Procter & Gamble on Sunday night announced it will review all of its agency relationships in 2017 in order to set better digital standards across its advertising channels.
The company on Sunday night unveiled a multifaceted plan to review all contracts this year as a way of tightening expectations for agencies and tech companies. New requirements for 2017 will include a single standard for viewability as defined by the Media Ratings Council, along with accredited third-party verification, more transparent contracts and additional ad fraud prevention.
During a speech at the Interactive Advertising Bureau’s Annual Leadership Meeting in Ft. Lauderdale, Fla., P&G chief brand officer Marc Pritchard slammed the digital platforms for not having a common standard for how they measure viewability. He compared it to what it might be like if each NFL team was held to a different standard for yards needed for a first down.
“The Packers want six yards, the Steelers want five, for the Patriots it’s three yards—except for the playoffs it’s two yards and in the Super Bowl it’s only a half a yard,” he said. “Ridiculous? Of course it is. How could we possibly have a different first down standard for each NFL team? How would we know who’s playing better each game? How could we possibly build statistics across teams?”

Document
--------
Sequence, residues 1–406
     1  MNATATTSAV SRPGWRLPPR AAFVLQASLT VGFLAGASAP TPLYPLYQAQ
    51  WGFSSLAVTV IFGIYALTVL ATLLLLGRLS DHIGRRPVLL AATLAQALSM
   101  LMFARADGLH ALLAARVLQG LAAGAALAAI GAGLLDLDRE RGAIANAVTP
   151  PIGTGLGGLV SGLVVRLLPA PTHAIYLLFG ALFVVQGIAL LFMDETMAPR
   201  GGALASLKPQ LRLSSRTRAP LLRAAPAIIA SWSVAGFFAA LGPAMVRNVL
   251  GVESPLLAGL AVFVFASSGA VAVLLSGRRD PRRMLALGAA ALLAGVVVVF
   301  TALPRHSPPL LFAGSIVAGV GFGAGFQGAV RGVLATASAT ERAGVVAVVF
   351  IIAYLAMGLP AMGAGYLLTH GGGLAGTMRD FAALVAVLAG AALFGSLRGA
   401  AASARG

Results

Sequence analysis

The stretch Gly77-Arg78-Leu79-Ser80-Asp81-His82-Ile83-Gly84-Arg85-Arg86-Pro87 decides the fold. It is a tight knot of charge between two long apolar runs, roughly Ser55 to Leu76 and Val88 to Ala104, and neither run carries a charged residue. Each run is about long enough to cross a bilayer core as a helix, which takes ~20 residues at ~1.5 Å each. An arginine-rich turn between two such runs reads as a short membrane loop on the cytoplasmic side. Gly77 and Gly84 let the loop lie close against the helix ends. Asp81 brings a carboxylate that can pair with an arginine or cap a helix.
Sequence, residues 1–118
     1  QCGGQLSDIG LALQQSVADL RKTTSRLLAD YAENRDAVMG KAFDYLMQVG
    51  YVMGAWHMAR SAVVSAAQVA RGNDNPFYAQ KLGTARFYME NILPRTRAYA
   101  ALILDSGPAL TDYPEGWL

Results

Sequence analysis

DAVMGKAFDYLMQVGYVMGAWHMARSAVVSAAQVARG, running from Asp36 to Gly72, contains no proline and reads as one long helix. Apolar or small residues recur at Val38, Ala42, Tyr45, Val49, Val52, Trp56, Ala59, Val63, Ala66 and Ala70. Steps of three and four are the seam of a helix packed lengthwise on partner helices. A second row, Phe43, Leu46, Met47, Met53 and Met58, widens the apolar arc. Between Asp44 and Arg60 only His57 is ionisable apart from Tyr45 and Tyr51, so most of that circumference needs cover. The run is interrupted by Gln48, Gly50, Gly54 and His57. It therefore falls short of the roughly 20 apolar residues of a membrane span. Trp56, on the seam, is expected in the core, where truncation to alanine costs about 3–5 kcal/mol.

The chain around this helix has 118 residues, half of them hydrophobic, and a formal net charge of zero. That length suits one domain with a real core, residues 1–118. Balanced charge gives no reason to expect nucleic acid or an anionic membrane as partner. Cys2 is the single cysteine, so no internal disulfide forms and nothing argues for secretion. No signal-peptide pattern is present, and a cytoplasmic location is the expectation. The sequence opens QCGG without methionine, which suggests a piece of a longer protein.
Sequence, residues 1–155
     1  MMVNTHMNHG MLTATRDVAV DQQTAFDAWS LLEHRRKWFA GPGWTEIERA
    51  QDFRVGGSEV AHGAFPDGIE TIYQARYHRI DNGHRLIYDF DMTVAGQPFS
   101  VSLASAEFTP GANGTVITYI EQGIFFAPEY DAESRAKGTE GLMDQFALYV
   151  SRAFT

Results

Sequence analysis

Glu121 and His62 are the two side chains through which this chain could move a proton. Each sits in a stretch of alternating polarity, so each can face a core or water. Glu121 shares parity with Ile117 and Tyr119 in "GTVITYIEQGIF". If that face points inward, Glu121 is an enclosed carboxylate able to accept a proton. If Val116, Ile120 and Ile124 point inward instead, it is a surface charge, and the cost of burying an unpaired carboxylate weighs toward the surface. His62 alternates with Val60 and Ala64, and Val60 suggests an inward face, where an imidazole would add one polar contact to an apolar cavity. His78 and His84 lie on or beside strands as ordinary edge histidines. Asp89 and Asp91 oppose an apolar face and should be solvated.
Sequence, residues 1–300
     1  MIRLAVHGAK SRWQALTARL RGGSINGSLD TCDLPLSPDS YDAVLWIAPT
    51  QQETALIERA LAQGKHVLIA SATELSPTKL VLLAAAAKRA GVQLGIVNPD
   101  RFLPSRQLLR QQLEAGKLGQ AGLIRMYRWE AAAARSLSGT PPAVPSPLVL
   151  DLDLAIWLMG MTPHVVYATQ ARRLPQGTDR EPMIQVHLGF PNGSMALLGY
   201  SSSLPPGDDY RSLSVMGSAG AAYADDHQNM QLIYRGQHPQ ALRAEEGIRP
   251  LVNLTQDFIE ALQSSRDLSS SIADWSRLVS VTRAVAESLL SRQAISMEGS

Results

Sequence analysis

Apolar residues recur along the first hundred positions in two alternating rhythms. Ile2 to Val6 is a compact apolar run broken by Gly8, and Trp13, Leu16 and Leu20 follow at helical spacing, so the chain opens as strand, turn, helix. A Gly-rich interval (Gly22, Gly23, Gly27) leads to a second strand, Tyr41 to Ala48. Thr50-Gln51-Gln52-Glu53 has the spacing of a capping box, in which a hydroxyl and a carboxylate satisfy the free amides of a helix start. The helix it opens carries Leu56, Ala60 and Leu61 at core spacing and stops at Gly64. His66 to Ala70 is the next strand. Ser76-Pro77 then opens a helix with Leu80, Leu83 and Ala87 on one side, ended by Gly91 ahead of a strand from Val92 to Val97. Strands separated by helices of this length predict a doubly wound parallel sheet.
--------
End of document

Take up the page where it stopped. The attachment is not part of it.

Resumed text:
Last year, the Media Ratings Council debuted its first set of guidelines for mobile ads. As a part of the guidelines, marketers will only be charged for an ad if at least 50 percent of it appears on a screen for one second. For video ads, a platform must show the content for at least two seconds.
Pritchard said the MRC in 2010 spent $6 million to test and verify the standards while working with experts from all industries and conducting hundreds of interviews. And yet, he said, the standard has still not been broadly embraced.
P&G isn’t the only company that’s concerned. According to IAB’s annual report released today, measurement will be a key focus for 57 percent of marketers surveyed. However, that’s not stopping brands from spending. According to the report, 67 percent of respondents said they plan to increase spending on data services, while 71 percent said they expect to increase budgets this year.
By not working with companies that don’t comply with the new standards, P&G hopes it will be able to gain more control over its advertising supply chain. Pritchard said when platforms such as Google and Facebook are allowed to do their own self-reporting for what defines a viewable ad, it is a little like letting the “fox guard the henhouse.”
He recalled a recent conversation with a top executive from a major tech company. While Pritchard was trying to persuade the executive to adopt more third-party verification, the exec told him that P&G’s competitors are “spending billions” without asking for it and that maybe P&G should too.
“At that moment,” Pritchard said. “The image of my dad popped into my mind saying ‘If all of your friends jumped off a cliff, would you jump too?'”